Privacy Mode, a hub for conversations around privacy, data security and compliance, conducted a two-part research project seeking to understand the impact of the Rules on organizations and employees in the tech ecosystem who might be responsible for implementing the Rules and achieving compliance in tech and media products.
A qualitative study of Social Media Platforms, Digital News Publications, and Cloud Computing services providers, was undertaken to look at the possible impact on encryption, traceability, compliance, applicability of law among others, was conducted in May-June 2021; and a quantitative survey of tech workers across India, looking at awareness, professional and personal impact, work flows and requirements, was conducted in June-July 2021.
This report is a comprehensive analysis of both surveys and presents a rounded picture of the impact of the IT Rules 2021 on organizations and its employees. This research report also looks at larger questions and concerns about privacy, freedom of expression and speech given the discursive debates around responsible tech, digital platforms and ethics, and impact on society and individuals.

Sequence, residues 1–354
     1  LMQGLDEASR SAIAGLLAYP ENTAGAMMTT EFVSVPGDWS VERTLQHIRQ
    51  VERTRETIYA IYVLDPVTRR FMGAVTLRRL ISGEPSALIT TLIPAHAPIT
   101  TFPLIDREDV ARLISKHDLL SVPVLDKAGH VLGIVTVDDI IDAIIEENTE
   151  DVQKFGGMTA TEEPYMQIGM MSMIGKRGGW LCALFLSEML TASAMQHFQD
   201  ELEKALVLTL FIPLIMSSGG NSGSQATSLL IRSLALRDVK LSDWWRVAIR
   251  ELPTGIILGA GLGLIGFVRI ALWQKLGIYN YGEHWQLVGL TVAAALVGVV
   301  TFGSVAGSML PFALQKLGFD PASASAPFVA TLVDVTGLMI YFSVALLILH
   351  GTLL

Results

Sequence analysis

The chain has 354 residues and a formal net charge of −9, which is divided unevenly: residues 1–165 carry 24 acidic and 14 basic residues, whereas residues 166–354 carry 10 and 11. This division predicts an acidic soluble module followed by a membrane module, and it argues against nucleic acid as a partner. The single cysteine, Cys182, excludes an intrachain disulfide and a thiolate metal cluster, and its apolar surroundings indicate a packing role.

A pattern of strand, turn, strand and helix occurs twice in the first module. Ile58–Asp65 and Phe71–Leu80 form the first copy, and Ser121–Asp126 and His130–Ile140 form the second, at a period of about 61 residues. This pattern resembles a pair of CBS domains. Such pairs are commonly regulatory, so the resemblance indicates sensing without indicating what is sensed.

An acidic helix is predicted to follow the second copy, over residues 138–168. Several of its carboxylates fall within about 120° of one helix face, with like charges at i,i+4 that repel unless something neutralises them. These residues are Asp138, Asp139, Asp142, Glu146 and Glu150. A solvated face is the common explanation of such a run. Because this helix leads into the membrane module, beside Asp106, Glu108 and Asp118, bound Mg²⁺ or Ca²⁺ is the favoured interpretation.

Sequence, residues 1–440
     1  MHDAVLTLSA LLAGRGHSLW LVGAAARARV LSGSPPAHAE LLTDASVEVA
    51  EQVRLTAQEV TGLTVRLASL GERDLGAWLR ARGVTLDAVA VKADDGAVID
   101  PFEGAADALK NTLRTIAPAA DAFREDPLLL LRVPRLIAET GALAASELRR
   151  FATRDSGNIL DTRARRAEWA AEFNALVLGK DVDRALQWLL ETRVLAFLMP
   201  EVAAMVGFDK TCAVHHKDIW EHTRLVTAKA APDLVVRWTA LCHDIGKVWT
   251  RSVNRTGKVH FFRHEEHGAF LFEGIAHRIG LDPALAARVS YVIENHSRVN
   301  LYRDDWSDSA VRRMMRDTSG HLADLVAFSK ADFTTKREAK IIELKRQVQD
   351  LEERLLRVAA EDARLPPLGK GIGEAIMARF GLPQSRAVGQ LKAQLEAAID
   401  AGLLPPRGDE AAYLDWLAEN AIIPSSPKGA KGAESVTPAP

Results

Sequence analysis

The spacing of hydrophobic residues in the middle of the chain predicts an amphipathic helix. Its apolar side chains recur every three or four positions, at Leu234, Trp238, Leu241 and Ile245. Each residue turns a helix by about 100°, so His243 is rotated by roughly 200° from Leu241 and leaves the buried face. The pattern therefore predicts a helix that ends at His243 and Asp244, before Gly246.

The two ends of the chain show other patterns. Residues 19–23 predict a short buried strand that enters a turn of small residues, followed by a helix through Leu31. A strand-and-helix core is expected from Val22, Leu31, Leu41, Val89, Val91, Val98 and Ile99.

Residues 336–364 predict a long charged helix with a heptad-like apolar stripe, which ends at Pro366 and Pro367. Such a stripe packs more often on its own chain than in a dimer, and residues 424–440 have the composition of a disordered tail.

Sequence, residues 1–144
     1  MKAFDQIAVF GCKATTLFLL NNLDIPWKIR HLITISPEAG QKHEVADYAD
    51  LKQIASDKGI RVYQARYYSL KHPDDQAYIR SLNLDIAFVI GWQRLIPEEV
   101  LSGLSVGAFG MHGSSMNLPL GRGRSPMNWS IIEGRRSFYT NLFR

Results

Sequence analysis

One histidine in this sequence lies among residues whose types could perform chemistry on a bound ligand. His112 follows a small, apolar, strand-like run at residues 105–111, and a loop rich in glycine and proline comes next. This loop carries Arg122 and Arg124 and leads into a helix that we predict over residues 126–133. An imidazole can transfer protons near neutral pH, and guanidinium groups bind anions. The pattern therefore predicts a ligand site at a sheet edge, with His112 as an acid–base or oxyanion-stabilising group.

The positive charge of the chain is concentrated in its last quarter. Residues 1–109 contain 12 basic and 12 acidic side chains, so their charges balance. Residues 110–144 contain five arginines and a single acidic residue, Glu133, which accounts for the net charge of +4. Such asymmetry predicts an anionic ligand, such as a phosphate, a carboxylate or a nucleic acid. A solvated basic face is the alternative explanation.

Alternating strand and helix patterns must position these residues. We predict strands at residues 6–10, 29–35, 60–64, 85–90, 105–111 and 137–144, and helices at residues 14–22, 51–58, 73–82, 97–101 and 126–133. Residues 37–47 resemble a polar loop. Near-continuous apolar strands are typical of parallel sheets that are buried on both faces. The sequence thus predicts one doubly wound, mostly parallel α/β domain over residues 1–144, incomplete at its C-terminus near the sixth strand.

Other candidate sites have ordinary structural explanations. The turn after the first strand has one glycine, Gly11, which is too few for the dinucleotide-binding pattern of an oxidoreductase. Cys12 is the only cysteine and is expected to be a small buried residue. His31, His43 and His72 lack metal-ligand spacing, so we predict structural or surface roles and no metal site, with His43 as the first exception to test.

By definition, the ‘Rules’ framed for any law in India are ‘Subordinate Legislation’ or ‘Delegated Legislation’. While laws are made by the Parliament/Legislature, Rules are made by the Executive i.e., the Government of India, to fulfill the requirements of the parent law. In Indian democracy, it is only the Legislative that can make laws. The Executive can only implement them. If the law says ‘XYZ has to be accomplished’, rules can frame the methods in which ‘XYZ’ can be accomplished. However, in the case of IT Rules 2021, the Rules are seen as overarching and exceeding the parent law.